How to double your investment returns

How to double your investment returns

Make one change to your investment strategy and you could double your returns in the long-term, new analysis has revealed. All you have to do is stop taking your dividends.

Ruth Jackson

Investing and pensions

Ruth Jackson
Updated on 30 May 2018

If you want to dramatically improve your returns you need to start reinvesting your dividends, according to one investment group.

Now, the news that you could earn more by investing more is hardly likely to knock you off your chair, but it's the impact this reinvestment could have on your portfolio that really stands out.

Research by Fidelity International has revealed that you could almost double your returns in the long-term by doing so.

Had you invested £100 a month in the FTSE All Share index since 1988 and taken any dividends as income then you would have a portfolio worth £70,923, according to Fidelity.

But, if you had reinvested all your dividends back into your portfolio it would be worth almost double at £140,585.

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“Dividends matter more than some investors think,” says Tom Stevenson, investment director for personal investing at Fidelity International.

“While growth-focused investors sometimes treat dividends as the icing on the cake, they can be the main driver of investment returns when reinvested.

“Indeed, over very long periods, almost all the gains from investing in the stock market can be attributed to the reinvestment of dividends.”

The magic of compounding

Even over short periods, sinking your dividends back into your portfolio can make a big difference to your returns. Taking the same scenario as above, but only over 10 years rather than 30 the investor who took their dividends would have £15,837.

But, the person who reinvested their dividends would have over £3,500 more with a portfolio worth £19,382.

Over 20 years reinvesting the dividends would have left a portfolio worth £51,674 – almost £17,000 more than the person who took the income.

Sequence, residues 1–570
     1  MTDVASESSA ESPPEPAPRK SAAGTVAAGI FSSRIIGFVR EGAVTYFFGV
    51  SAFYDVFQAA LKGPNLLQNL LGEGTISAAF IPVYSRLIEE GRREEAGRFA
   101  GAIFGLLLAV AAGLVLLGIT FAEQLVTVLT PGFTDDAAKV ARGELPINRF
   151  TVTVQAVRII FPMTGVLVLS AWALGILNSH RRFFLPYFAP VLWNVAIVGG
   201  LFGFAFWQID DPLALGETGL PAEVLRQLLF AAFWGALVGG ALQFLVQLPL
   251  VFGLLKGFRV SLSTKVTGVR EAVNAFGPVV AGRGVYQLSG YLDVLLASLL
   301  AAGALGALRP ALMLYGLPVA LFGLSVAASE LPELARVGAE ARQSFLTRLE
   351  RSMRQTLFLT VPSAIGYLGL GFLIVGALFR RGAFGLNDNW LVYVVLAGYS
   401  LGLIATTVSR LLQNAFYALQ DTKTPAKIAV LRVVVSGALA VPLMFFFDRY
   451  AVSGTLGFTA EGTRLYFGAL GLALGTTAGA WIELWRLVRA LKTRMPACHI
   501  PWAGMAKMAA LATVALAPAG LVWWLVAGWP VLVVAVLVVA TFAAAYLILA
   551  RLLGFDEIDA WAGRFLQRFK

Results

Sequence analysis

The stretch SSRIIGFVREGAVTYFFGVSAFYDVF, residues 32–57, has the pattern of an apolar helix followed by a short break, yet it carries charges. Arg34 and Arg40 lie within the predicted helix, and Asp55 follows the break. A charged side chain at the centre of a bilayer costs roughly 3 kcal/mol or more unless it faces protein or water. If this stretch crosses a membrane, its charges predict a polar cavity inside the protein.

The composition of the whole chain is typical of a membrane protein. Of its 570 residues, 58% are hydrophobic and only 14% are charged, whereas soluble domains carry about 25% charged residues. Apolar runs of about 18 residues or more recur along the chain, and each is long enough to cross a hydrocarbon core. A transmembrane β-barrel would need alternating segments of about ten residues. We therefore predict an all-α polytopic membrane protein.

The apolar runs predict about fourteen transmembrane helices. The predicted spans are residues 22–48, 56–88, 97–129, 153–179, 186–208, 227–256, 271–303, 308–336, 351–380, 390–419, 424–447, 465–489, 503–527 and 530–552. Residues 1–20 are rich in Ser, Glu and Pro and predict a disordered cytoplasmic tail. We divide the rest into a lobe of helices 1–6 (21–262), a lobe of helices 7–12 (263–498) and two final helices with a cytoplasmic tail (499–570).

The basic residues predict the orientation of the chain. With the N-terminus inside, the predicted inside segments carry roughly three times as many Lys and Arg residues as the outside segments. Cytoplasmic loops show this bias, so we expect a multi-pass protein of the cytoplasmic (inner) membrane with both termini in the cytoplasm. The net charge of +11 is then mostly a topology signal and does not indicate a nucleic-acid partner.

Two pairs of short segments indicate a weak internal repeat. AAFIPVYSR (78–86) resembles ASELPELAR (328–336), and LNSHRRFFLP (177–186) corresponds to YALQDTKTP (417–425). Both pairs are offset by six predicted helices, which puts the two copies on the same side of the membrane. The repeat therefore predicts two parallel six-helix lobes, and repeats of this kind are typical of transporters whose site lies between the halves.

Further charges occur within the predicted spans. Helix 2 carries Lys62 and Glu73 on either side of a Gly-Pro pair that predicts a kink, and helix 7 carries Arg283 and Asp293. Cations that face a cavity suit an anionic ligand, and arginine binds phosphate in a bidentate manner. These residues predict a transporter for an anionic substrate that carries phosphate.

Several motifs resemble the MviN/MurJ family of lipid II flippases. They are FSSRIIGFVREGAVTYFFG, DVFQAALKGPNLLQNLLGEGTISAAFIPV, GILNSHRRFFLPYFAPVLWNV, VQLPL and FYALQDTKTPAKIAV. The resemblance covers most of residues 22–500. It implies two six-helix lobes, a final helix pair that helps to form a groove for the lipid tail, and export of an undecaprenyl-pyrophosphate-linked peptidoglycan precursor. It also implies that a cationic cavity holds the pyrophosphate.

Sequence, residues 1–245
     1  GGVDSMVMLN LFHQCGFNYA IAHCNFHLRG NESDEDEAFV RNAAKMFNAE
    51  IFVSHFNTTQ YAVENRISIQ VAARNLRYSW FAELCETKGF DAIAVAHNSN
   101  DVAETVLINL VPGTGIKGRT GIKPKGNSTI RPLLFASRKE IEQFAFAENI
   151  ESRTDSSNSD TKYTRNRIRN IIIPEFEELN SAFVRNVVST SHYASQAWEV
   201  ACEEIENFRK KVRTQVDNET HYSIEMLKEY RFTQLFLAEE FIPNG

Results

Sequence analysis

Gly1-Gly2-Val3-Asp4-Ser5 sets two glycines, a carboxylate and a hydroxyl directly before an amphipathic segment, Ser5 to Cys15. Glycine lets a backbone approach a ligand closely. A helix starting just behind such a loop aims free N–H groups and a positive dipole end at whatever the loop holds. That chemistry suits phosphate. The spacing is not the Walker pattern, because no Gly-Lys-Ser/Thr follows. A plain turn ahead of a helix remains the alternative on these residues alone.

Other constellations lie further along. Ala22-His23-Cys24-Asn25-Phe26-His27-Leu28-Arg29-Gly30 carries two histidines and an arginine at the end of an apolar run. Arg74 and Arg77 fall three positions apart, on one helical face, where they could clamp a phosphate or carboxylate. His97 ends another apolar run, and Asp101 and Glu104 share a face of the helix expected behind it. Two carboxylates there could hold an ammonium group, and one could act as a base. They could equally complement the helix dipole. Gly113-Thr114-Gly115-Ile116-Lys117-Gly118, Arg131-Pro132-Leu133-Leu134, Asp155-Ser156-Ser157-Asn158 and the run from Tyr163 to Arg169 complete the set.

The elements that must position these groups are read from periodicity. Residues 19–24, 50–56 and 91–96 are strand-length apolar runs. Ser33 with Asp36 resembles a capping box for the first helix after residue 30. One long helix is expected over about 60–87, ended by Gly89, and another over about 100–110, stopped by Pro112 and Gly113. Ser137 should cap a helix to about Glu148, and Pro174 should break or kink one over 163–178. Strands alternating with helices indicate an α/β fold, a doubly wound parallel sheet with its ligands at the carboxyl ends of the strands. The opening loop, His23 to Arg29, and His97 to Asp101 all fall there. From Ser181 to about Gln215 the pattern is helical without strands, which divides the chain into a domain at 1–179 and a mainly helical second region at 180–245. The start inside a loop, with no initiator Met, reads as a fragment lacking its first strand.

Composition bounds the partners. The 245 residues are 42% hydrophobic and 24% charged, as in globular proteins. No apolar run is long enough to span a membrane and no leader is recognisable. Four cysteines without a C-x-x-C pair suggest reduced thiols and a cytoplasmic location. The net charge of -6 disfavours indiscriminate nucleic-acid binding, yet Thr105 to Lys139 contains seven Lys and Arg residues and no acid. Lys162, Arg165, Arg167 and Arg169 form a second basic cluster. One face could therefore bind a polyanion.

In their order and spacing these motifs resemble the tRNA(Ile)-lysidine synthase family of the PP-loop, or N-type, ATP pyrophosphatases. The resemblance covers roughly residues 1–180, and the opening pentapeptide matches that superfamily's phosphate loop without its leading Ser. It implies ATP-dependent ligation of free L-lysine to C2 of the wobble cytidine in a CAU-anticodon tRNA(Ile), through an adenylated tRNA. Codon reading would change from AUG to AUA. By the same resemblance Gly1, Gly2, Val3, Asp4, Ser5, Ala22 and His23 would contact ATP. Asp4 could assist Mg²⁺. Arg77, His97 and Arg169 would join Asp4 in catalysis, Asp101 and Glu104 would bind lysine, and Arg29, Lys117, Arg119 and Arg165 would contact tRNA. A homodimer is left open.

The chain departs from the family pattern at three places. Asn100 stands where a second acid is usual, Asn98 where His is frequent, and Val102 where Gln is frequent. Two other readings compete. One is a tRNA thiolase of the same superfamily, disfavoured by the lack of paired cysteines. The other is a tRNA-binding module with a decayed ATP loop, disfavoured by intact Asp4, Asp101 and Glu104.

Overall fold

“The key to understanding why reinvesting dividends has such a significant impact on your total returns lies in the magic of compounding,” says Stevenson.

“For compounding to really supercharge your returns it requires two simple ingredients: time and the regular reinvestment of returns.

"The earlier you start, the more time you have to benefit from the returns on both the money you have initially invested as well as the returns and dividends you have earned on that starting amount.”

A £1,000 boost to your ISA

Reinvesting your dividends can also significantly boost your ISA returns.

If you had invested £1,000 in the FTSE 100 via an ISA back in December 1999 you would have had £1,204 by November last year if you had taken all your dividends, according to Schroders. That equates to an annual return of just 1.1%.

But, if you’d reinvested all your dividends your return would have rocketed by almost £1,000 giving you an ISA worth £2,193, ramping up your annual return to 4.6%.

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“Dividend reinvestment is one of the most powerful investment tools available,” says Nick Kirrage, an equity value fund manager at Schroders.

“In an era when interest rates are so low investors need to be aware of relatively simple investment techniques that can help them build up their returns. Dividend reinvestment is a simple technique.

“Over time, those seemingly small amounts reinvested can grow into much bigger sums if you use them to buy even more shares of stock that pay dividends in turn.”

So, if you don’t need that income reinvest your dividends and give your portfolio a powerful boost.

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